I do play with human opponents (well, we haven't checked the DNA, but I believe they're human!) so - as you say - I shall have to be careful that I don't generate an unplayable freak in the GT version.

    Command cards - a year ago I think I shared your view, but the cards in CCN work well - you do develop a strategy, even a plan, which you try to manage through the hand of cards you are dealt. It does seem artificial when you think about it, but it's no more artificial than (for example) command radius measurements, and it's quicker and easier than any activation system I've used before. Like you (I think) I am quite a fan of Mustafa's Grande Armee, and especially of Fast Play Grande Armee, the command system of which I borrowed for use with my own rules - it was OK, but I found that for big battles it was an awful lot of work. I think that's my main problem with command and activation systems - the battles are silly if you don't have them, but it's very easy for them to take over and bog the game down in admin.

    A player turn in CCN takes about 5 minutes max - that keeps the game tight and interesting - the turns are short and limited in scope, but a lot happens quickly, and that is largely down to the activation card system. That's also why the games finish in a couple of hours.

    At present I'm pretty happy with the way things are going, so I'll have to make sure I don't try to improve things and spoil the game - I always have in the past!

    Cheers - good to hear from you

    Tony

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  3. Lord have mercy. I don't know CCN but I have Battle Cry which is kind of the same thing. So Im interested but I cant read all that. How about a summary for thos of us with a life to live?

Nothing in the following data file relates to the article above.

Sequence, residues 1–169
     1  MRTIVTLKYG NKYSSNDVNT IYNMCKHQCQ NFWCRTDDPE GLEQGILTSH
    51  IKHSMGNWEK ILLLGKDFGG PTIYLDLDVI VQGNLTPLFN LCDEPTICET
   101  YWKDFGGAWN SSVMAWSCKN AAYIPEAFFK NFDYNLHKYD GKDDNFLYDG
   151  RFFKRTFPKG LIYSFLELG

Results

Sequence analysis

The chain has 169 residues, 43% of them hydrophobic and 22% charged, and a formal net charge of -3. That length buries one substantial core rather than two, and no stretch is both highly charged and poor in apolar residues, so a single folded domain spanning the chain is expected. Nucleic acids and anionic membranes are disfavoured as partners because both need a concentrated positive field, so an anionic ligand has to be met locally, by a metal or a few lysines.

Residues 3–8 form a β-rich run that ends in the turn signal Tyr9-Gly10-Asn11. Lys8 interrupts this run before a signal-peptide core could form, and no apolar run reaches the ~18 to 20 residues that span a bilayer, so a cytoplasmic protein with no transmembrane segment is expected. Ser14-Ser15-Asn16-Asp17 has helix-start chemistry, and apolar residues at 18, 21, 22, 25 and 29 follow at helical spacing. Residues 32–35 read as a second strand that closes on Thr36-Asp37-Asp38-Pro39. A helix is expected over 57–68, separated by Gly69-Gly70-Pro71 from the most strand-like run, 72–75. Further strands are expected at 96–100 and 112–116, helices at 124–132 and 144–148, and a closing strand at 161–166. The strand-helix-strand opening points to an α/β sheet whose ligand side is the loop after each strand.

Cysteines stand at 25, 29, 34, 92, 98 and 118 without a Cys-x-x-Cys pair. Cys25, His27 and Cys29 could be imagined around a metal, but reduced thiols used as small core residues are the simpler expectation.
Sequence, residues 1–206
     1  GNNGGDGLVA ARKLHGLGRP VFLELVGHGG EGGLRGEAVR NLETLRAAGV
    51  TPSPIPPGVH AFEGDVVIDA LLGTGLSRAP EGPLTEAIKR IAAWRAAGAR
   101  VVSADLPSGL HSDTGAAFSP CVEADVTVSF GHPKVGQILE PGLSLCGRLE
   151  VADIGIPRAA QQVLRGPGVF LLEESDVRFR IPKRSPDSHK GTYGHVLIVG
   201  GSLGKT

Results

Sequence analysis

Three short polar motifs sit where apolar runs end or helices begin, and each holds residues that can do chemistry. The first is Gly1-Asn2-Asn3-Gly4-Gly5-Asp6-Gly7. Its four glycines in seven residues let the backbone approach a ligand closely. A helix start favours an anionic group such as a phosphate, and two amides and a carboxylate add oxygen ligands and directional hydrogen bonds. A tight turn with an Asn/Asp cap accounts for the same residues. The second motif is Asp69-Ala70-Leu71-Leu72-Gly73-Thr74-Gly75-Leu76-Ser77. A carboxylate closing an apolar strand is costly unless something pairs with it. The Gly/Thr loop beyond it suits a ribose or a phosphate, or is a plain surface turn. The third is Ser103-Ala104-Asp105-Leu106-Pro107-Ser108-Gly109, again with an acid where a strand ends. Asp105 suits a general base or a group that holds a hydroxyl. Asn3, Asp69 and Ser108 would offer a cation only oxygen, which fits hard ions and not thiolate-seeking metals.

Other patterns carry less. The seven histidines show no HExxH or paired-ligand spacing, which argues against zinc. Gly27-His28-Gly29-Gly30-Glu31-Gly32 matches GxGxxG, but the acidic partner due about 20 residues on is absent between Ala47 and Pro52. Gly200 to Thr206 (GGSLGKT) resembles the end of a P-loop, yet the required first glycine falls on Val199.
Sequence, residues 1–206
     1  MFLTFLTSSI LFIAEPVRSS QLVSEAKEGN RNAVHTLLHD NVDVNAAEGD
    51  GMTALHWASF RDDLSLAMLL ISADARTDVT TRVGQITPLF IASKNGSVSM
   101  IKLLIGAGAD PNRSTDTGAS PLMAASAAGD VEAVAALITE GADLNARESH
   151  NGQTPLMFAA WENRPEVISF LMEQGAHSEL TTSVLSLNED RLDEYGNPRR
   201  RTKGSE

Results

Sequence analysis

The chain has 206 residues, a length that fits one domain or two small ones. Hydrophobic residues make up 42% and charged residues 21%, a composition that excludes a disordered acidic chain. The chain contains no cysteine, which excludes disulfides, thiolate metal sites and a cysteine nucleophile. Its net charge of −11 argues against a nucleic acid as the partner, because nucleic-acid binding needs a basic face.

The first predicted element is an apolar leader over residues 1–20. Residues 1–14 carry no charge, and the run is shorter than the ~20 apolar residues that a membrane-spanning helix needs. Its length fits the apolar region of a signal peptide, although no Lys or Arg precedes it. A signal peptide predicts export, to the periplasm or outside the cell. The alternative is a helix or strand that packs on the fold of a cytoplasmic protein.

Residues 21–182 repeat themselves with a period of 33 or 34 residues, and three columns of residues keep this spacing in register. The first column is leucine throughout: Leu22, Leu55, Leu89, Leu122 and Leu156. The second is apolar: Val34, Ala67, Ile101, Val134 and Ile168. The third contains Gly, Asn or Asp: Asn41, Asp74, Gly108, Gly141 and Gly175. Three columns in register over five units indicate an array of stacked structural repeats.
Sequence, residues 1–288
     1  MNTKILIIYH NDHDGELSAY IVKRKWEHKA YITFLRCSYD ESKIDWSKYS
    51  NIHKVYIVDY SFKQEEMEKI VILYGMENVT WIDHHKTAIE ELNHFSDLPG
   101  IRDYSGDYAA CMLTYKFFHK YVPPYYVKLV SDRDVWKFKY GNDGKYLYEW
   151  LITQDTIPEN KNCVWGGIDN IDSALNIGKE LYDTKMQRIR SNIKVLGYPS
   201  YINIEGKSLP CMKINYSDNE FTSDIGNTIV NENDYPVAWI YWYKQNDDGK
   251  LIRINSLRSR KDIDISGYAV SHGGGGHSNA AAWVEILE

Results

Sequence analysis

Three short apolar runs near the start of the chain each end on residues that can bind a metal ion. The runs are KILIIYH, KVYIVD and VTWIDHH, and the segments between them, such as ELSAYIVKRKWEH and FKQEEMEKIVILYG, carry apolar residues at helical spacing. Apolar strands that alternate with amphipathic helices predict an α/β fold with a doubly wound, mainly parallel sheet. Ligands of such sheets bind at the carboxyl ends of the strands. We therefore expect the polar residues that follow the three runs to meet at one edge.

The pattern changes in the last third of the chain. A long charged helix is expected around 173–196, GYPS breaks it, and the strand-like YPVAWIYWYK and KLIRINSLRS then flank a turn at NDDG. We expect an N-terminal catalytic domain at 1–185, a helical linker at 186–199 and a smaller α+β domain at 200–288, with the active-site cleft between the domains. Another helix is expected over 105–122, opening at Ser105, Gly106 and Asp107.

Lou

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  4. I was both tired an busy when I read this the first time so put it aside until I had time to think. Unfortuanately, having thought, I find I don't really have any comments worth saying. Not being easily deterred by such minutae, I shall press on.

    Over all this looks like it should achieve what you are after. The problme I always have with this sort of scaling up and back, is figuring out the difference between what I want to include, what I need to include to avoid not breaking history too badly and what will break the game if I do include them.

    Your artillery rules look like they would work and I like the idea of having guns included but I wonder if thge presence of the battery had been "factored in" then perhaps infantry brigades with a battery attached could have been allowed to attack at 2 hexes with this reflecting the effect of the attached guns? Not as much fun as tracking all those batteries though. Not being up on details of the Peninsula, was it common to attach/detach batteries in the middle of an engagement?

    The inclusion of the Division commanders is also interesting. In a campaign setting, I would think it would aid character and story development. I've gone the other way, from representing every level I could, I'm leaning towards "factoribg in" the middle management unless playing a multi-player game.